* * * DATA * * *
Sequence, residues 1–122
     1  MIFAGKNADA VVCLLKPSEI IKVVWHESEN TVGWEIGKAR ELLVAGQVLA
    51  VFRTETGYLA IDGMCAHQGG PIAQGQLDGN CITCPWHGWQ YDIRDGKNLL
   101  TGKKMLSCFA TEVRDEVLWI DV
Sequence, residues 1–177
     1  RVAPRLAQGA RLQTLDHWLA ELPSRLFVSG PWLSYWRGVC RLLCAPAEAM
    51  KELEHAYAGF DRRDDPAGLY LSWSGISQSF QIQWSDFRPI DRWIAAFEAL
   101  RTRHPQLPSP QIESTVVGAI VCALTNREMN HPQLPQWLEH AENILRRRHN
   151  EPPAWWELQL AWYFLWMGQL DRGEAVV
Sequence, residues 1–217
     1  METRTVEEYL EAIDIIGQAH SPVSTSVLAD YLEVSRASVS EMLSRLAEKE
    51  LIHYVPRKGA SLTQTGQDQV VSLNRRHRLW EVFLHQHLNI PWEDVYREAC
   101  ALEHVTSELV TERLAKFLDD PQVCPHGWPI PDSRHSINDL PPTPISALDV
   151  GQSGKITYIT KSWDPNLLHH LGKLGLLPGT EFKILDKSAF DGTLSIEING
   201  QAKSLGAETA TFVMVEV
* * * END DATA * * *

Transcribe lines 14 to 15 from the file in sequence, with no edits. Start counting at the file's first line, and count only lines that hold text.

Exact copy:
   151  GQSGKITYIT KSWDPNLLHH LGKLGLLPGT EFKILDKSAF DGTLSIEING
   201  QAKSLGAETA TFVMVEV